Now that the ant invasion is long behind us, we can laugh about it. Well, the kids do. And I hope that Tom can. I’ll know after he reads this. Of course, I started laughing about it a day or so after the last ant had met its maker, and so that same year I wrote this poem for Tom for Christmas:
‘Twas the Night Before Christmas
‘Twas the night before Christmas, when all through the house not a creature was stirring, —except for an ant!
Though the stockings were hung by the chimney with care, no one thought a black creature would be found lurking there.
The cuddle kids were nestled all snug in their beds, while Nick at Night reruns filled the space in their heads. But the mere sight of an insect the color of coal, made it clear that these children had neglected their ant patrol.
With Cheri in her flannels and Tom in the buff, we feared that this battle soon would get rough. Using their thumbs the kids smashed them at will, but the ants were winning since we lived on their hill.
Then out on the street there arose such a clatter, Tom sprang from the bed to see what was the matter. Away to the window like a flash he flew, tore open the shutter – pausing, of course, to admire his view.
The moon on the windows of the tract houses did glow, and Tom thought once again, “I love San Diego.” When what to his wondering eyes should appear, but a Terminix truck filled with poison so dear.
With a little old driver, so lively and quick, we knew in a moment, Tom would stop being a ______. More rapid than eagles, his courses they came, and he whistled and shouted and called them by name:
“Now Chemical! Now Compound! Now, Polluntant and Toxic! On, Cyanide! On, Hemlock! Agent Orange and Arsenic! Spray the backyard! The kitchen! Get inside the wall! Now pass away! Pass away! Pass away all!”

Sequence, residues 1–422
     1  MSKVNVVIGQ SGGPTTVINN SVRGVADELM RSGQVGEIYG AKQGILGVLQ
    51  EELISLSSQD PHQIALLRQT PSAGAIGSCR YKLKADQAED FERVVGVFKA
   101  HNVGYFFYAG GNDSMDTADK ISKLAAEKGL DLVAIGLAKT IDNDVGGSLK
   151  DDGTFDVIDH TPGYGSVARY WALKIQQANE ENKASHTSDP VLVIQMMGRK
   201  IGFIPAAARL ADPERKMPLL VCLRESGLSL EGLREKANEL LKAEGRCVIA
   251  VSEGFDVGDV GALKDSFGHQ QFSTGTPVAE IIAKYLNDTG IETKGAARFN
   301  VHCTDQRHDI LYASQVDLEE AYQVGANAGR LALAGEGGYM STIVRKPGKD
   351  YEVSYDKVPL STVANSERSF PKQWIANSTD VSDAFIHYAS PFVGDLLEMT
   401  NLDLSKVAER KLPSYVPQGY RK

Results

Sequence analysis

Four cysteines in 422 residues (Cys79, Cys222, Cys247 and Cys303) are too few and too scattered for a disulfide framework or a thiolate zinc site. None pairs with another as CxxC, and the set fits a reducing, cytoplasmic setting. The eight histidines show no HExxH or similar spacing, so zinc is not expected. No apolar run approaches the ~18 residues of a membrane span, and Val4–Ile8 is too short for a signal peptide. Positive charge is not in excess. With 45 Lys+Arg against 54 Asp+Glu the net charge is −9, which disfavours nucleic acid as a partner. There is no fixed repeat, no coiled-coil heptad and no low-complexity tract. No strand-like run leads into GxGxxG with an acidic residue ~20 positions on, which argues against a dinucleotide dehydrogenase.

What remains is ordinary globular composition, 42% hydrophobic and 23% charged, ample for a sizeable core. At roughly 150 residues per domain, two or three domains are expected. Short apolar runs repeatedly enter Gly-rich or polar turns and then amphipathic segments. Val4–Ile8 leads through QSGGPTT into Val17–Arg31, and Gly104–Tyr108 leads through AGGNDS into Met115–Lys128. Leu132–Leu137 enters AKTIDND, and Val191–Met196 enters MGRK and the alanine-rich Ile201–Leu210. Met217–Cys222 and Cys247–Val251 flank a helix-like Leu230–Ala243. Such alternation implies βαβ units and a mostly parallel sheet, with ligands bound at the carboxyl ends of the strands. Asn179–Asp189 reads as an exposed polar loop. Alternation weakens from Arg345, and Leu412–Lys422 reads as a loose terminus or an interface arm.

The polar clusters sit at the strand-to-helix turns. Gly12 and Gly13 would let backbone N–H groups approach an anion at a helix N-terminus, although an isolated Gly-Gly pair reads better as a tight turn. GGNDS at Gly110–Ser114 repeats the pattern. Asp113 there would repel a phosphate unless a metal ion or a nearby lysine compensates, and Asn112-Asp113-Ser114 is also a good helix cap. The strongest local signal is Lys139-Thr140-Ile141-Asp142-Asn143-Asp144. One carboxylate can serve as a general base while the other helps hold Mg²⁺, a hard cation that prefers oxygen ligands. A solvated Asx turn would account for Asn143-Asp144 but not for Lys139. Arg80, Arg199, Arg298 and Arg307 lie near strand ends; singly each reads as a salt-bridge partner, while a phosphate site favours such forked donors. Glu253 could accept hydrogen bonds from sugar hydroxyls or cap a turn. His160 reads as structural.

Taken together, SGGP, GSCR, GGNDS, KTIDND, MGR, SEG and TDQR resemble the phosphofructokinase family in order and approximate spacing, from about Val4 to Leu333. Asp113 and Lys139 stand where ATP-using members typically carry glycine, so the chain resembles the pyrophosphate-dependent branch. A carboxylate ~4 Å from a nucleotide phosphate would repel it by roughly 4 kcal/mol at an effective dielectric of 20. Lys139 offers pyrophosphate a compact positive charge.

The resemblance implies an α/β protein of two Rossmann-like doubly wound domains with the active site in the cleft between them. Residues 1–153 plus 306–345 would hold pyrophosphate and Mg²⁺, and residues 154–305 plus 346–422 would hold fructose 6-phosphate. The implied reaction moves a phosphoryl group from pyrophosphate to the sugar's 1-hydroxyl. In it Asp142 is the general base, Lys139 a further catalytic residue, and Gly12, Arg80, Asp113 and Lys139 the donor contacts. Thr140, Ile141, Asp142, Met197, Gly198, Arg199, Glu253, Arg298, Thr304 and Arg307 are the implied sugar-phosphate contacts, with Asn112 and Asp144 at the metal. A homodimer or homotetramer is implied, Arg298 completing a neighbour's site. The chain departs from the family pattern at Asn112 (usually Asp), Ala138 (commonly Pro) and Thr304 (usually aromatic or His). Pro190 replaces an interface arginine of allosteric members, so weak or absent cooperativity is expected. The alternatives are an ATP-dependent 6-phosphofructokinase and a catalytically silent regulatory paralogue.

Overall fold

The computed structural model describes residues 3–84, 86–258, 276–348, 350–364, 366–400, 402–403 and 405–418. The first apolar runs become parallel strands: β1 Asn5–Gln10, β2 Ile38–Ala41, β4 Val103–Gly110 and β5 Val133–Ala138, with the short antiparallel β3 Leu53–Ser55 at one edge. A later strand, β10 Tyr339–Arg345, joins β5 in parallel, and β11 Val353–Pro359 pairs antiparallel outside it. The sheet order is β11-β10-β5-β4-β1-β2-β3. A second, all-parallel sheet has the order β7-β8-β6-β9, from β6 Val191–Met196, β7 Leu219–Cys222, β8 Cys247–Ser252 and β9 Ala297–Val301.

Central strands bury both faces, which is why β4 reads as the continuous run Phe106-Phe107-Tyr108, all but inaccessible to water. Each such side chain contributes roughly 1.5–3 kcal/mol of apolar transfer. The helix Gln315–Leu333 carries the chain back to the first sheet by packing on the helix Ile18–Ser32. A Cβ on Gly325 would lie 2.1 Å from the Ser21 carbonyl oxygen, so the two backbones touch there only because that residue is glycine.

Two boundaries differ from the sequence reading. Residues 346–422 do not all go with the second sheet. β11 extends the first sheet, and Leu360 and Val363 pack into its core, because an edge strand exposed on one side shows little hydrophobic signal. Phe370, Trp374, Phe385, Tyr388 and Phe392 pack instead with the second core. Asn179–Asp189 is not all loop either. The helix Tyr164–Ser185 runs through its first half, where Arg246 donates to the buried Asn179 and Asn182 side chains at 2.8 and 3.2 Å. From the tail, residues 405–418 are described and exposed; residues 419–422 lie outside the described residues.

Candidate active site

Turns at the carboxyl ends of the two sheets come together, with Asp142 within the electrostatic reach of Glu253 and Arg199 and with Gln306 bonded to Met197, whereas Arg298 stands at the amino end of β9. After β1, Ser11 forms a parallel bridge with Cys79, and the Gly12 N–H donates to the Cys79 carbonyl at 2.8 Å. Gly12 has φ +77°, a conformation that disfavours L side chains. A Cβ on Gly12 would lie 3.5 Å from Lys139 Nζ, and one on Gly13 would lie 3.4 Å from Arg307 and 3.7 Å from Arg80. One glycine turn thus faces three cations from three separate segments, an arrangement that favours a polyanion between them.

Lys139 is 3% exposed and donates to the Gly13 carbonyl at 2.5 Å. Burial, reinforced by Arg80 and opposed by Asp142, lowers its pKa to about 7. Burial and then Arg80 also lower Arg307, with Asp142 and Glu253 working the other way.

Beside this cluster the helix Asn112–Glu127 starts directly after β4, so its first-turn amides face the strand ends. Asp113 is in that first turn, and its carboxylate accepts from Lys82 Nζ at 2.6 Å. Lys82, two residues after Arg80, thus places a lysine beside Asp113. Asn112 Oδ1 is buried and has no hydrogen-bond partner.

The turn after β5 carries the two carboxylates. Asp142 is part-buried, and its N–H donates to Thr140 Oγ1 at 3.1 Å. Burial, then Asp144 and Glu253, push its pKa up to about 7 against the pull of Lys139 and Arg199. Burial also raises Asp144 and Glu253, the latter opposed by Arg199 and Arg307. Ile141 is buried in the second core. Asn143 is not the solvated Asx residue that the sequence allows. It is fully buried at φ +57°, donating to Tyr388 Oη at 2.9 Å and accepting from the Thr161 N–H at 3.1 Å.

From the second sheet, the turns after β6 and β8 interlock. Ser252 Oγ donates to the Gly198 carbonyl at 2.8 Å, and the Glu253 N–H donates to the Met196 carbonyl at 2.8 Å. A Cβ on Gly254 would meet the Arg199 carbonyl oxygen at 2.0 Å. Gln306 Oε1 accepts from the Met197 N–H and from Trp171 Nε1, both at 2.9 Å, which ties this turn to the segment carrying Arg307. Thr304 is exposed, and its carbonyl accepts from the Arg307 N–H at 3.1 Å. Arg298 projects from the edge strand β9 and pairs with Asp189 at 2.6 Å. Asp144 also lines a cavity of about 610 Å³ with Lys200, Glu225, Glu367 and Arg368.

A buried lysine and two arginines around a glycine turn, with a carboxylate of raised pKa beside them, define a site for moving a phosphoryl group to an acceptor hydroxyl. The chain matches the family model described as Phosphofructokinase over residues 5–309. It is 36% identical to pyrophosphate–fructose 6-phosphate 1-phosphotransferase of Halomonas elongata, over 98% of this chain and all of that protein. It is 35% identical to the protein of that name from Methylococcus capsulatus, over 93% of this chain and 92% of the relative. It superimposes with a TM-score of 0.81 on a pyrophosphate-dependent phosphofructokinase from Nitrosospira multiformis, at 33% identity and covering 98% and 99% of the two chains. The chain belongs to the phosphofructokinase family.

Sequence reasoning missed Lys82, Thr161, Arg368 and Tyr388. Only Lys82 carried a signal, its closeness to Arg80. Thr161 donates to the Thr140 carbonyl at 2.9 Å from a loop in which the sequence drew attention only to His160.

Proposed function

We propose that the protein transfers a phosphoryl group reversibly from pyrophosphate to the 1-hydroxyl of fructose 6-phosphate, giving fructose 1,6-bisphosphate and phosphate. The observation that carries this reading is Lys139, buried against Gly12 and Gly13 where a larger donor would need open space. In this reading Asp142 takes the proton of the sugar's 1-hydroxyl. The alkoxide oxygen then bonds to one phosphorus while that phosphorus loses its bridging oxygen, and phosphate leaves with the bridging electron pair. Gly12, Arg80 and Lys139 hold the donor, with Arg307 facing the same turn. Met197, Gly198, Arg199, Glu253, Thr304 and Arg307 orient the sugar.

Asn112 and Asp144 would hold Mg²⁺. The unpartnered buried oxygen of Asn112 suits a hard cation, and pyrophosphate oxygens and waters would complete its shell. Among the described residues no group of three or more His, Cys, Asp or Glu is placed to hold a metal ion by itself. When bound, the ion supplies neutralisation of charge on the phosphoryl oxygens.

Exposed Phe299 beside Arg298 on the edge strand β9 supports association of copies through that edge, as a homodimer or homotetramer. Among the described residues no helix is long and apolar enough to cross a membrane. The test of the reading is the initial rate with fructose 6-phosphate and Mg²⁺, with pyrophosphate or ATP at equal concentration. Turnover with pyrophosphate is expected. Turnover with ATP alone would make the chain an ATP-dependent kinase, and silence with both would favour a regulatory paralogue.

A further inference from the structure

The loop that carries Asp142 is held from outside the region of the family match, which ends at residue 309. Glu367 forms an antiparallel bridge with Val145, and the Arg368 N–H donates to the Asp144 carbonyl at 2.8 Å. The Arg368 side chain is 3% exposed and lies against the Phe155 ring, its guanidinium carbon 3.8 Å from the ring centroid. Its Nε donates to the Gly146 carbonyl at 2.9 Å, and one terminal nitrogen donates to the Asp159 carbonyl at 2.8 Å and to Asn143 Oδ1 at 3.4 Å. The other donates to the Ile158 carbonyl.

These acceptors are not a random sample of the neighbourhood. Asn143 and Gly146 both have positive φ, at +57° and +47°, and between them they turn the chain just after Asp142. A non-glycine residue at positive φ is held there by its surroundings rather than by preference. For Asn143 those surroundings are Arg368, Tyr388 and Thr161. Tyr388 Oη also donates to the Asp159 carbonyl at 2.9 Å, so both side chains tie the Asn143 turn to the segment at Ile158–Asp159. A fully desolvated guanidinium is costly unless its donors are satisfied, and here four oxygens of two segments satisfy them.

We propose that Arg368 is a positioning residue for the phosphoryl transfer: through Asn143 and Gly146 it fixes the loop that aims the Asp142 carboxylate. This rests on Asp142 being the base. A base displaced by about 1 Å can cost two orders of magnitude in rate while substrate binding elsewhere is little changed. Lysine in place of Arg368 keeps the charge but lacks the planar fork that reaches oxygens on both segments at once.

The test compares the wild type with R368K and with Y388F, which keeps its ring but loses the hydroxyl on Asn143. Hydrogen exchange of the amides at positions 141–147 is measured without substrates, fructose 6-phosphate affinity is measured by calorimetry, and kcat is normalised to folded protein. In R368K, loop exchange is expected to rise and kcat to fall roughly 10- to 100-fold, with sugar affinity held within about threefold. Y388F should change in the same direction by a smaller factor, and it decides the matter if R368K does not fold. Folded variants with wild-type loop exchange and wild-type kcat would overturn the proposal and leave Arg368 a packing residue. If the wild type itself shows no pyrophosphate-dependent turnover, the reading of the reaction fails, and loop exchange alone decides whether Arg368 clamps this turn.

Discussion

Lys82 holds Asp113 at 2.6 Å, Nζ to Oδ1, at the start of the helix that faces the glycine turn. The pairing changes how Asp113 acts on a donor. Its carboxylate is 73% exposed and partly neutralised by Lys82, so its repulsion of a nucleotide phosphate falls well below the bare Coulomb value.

Six months back, when I was a nOObie blogger, I didn’t think about the fact that if you included certain words and phrases in a post, you were sure to get visits from the ilk who’d searched for keywords like “Daddy spank my butt” or “we are swingers” or the ever popular “pole dancing.” Now of course, having spent a little time out in the Blogosphere, I know in advance that weirdos will be stopping by because of some of the keywords that will necessarily pop up in this particular post. So, Dearest Web Weirdos, my apologies for wasting your time, but this mommy blog will give you no satisfaction if you stopped by thinking you’d read about wife swapping, pole dancing, spanking daddies, or other similarly dodgy phrases that happen to appear hereinafter.
Living with two teenagers during her early childhood years most certainly had an effect on Laura’s personality and emergent verbal skills. For example, while other kids might say, “Swiper, no swiping!” or “Time for Tubby Bye Bye,” Laura can match Napoleon Dynamite and Clark W. Griswold quotes with the best of ‘em.